OPEC: Cynical Thoughts

I am very skeptical of OPEC’s ability to actually curtail production. OPEC agreed on Wednesday to cut production by 1.2 million barrels per day and bring the ceiling of production to 32.5 million barrels. Oil prices rallied almost 15% on the news, as the market was not prepared for this outcome. Chatter before the meeting had been that cuts were unlikely.  I’m doubtful this price move means anything, other than the fact that punters in the crude oil market got caught offside. 

First, Indonesia “suspended” their membership in OPEC.  Production of crude in Indonesia has been declining for years.  They failed to reinvest in their fields and now are a net crude oil importer.  They had already suspended their membership once, and according to the EIA, “The government's annual crude oil and lease condensate production target, which has not been reached each year since 2009, is 825,000 b/d for 2015, revised down from an original goal of 900,000 b/d.”

Second, lets parse this statement, “Hence, it is under the principles of good faith that countries participating in today’s meeting agree to commit themselves to the following actions:” So under principles of “good faith” there is going to be an agreement amongst . . . wait for it. . . . Russia, Saudi Arabia, Iran, and Iraq and others to cut their production. Further, the good folks in Algeria, Kuwait, and Venezuela are going to monitor compliance of the agreement. Granted, there are no tools to enforce compliance, but you know, you may not get invited to the next indoor ski event in Dubai if you break the rules.

Vail Resorts, Dubai

Vail Resorts, Dubai

Meanwhile, many of these countries are running massive budget deficits. Iran and Saudi Arabia are waging a proxy war in Yemen AGAINST each other.  Iran in fact got to increase production a little, which comes right out of Saudi Arabia’s 486k barrels a day of production cut.  Plus, Russian Oil Minister Alexander Novak say they would cut “gradually”, but they did not say from what level.  Venezuela, one of our “reliable” monitors, is on the verge of civil society breakdown. The debt in its state run oil company, PDVSA, trades at 36 cents on the dollar. People are without food and medicine.  Yet, don’t worry, they are going to kick in 95k barrels a day in adjustments.  That’s a cool $5,000,000 a day in much needed hard currency.  That could buy a lot of rice and beans for starving children.  But don’t worry, they are in. Saudi Arabia just had to tap the bond market for financing for the first time ever to avoid raiding the sovereign wealth funds.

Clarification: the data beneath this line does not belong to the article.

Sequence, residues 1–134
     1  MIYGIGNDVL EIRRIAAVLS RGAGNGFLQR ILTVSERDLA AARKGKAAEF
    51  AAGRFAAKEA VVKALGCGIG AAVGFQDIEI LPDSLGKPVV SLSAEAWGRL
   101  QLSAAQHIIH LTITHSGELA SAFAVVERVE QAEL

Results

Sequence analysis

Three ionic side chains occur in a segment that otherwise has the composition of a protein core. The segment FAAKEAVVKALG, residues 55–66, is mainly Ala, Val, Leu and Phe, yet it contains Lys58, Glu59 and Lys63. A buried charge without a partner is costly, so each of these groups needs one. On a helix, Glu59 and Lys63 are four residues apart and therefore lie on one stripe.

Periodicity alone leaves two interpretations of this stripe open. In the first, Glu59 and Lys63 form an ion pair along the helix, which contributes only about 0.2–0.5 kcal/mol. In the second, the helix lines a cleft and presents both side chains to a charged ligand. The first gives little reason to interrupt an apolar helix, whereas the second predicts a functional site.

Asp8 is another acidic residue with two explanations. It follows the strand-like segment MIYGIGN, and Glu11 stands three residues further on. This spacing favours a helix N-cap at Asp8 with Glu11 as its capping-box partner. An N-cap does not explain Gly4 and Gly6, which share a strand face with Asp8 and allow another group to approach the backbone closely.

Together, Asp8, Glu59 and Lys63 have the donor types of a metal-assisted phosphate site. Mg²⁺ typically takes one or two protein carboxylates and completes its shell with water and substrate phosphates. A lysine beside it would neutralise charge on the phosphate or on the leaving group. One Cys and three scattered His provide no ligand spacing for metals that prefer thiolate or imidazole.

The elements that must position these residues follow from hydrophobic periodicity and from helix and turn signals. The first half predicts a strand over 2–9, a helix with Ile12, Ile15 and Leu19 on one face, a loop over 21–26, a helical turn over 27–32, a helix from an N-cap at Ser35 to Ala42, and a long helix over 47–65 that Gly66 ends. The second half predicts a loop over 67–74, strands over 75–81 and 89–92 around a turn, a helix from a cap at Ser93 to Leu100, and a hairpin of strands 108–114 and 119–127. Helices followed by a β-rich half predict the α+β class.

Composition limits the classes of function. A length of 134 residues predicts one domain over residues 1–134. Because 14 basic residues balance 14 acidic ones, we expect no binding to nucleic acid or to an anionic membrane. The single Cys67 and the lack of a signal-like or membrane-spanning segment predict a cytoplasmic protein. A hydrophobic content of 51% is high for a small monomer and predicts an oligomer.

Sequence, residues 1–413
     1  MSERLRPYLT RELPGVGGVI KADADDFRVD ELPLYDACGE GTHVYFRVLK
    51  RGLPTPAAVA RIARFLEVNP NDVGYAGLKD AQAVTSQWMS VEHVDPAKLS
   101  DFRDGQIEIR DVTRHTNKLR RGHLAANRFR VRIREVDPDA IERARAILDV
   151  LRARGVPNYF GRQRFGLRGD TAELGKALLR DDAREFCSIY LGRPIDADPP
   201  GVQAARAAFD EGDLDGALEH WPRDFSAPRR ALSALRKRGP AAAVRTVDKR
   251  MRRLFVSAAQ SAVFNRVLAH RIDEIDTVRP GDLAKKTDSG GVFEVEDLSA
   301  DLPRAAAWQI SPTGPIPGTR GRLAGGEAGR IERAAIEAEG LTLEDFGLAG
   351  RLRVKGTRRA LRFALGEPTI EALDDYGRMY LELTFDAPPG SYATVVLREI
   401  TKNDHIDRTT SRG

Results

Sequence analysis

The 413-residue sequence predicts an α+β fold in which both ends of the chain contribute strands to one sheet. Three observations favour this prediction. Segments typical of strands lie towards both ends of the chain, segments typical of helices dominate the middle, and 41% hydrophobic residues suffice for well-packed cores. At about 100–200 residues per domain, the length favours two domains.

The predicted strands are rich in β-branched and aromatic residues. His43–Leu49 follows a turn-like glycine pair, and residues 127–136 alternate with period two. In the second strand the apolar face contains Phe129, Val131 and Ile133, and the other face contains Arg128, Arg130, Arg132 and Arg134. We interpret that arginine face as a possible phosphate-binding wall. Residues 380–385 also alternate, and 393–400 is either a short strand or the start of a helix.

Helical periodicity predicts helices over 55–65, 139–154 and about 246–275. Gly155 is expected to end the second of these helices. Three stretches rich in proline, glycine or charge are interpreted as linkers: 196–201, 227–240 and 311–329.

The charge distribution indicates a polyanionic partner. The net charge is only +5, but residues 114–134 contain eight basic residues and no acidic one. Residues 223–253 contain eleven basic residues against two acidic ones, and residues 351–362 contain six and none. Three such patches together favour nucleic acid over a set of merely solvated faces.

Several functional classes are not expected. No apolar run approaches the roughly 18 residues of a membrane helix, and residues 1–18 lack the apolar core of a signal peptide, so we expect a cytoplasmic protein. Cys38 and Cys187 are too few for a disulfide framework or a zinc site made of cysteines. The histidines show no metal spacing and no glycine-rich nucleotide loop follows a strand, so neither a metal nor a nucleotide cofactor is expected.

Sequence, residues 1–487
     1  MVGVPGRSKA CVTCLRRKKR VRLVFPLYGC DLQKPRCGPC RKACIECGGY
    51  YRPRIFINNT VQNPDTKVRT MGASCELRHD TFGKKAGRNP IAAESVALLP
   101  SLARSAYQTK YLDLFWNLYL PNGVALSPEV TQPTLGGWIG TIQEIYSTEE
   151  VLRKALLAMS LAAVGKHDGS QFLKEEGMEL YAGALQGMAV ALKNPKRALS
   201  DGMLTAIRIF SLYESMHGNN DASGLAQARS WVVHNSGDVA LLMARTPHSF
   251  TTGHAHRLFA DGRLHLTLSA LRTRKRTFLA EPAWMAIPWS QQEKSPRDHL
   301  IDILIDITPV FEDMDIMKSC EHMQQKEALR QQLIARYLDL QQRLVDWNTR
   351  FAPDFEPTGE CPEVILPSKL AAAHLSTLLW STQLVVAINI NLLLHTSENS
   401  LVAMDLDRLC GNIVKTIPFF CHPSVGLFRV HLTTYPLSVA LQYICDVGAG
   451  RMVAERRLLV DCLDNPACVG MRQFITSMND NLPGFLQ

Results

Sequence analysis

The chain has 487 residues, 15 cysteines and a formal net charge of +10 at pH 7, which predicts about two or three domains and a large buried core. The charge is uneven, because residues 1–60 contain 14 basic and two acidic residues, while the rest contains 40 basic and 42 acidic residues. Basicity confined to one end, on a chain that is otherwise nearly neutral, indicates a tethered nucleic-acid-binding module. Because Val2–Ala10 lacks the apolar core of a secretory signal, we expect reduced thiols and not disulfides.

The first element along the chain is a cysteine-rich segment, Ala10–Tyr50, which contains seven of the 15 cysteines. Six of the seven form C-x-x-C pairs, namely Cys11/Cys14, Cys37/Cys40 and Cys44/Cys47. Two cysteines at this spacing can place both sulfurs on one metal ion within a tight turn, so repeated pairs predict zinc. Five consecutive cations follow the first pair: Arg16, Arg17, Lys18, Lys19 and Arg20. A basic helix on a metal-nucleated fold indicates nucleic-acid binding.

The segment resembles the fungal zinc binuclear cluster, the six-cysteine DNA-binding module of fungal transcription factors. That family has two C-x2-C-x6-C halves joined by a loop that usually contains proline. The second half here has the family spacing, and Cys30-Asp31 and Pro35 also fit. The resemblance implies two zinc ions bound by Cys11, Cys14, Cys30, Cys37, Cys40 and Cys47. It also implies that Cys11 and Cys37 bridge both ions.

Plus, what’s up with the blank lines from Libya and Nigeria in the report? This is important. I mean, Nigeria produces 1.9 million barrels a day and Libya produces 250k barrels a day.  Do they just get a free ride?  Nigerian production is down 15% yoy due to domestic issues with terrorist blowing up pipelines and such. If they just got back to their normal rate of 2.3 million barrels, that would negate the Saudi cut. Libya, before all hell broke loose, would produce 1.3 million barrels on a good day. 

Anyway, the short term effect worked. Hopefully, these exporters are out their locking in all their sales for next year at the higher prices, because I can tell you, in the next 6 months, this won’t matter. Why? First, US Shale oil power is rising.  Geologist just found THE LARGEST NEW RESERVE EVER in the US.